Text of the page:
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The Descent of Man and Selection in Relation to Sex

Secondary Sexual Characters Of Fishes, Amphibians,
And Reptiles
FISHES: Courtship and battles of the males--Larger size of the females-- Males, bright
colours and ornamental appendages; other strange characters-- Colours and appendages
acquired by the males during the breeding-season alone--Fishes with both sexes
brilliantly coloured--Protective colours--The less conspicuous colours of the female
cannot be accounted for on the principle of protection--Male fishes building nests, and
taking charge of the ova and young.
AMPHIBIANS: Differences in structure and colour between the sexes--Vocal organs.
REPTILES: Chelonians--Crocodiles--Snakes, colours in some cases protective--Lizards,
battles of--Ornamental appendages--Strange differences in structure between the sexes--
Colours--Sexual differences almost as great as with birds.
We have now arrived at the great sub-kingdom of the Vertebrata, and will commence
with the lowest class, that of fishes. The males of Plagiostomous fishes (sharks, rays) and
of Chimaeroid fishes are provided with claspers which serve to retain the female, like the
various structures possessed by many of the lower animals. Besides the claspers, the
males of many rays have clusters of strong sharp spines on their heads, and several rows
along "the upper outer surface of their pectoral fins." These are present in the males of
some species, which have other parts of their bodies smooth. They are only temporarily
developed during the breeding-season; and Dr. Gunther suspects that they are brought
into action as prehensile organs by the doubling inwards and downwards of the two sides
of the body. It is a remarkable fact that the females and not the males of some species, as
of Raia clavata, have their backs studded with large hook-formed spines. (1. Yarrell's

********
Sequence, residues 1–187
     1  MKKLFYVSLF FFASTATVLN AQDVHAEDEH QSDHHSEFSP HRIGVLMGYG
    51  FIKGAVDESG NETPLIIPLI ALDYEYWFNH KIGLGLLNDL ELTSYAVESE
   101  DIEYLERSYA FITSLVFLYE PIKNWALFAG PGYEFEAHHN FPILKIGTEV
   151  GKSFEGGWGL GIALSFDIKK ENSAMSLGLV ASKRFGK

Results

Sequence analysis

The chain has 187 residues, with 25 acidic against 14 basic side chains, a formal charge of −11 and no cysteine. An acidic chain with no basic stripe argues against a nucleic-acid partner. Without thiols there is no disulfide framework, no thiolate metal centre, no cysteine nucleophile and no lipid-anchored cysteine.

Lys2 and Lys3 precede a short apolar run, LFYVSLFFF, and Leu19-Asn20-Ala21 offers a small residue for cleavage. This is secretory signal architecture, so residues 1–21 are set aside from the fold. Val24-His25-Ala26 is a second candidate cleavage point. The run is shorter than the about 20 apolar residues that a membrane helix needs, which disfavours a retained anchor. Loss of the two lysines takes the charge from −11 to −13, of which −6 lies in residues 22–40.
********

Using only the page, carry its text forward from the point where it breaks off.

'Hist. of British Fishes,' vol. ii. 1836, pp 417, 425, 436. Dr. Gunther informs me that the
spines in R. clavata are peculiar to the female.)
The males alone of the capelin (Mallotus villosus, one of Salmonidae), are provided with
a ridge of closely-set, brush-like scales, by the aid of which two males, one on each side,
hold the female, whilst she runs with great swiftness on the sandy beach, and there
deposits her spawn. (2. The 'American Naturalist,' April 1871, p. 119.) The widely
distinct Monacanthus scopas presents a somewhat analogous structure. The male, as Dr.
Gunther informs me, has a cluster of stiff, straight spines, like those of a comb, on the
sides of the tail; and these in a specimen six inches long were nearly one and a half inches
in length; the female has in the same place a cluster of bristles, which may be compared
with those of a tooth-brush. In another species, M. peronii, the male has a brush like that
possessed by the female of the last species, whilst the sides of the tail in the female are
smooth. In some other species of the same genus the tail can be perceived to be a little
roughened in the male and perfectly smooth in the female; and lastly in others, both sexes
have smooth sides.
The males of many fish fight for the possession of the females. Thus the male stickleback
(Gasterosteus leiurus) has been described as "mad with delight," when the female comes
out of her hiding-place and surveys the nest which he has made for her. "He darts round
her in every direction, then to his accumulated materials for the nest, then back again in
 
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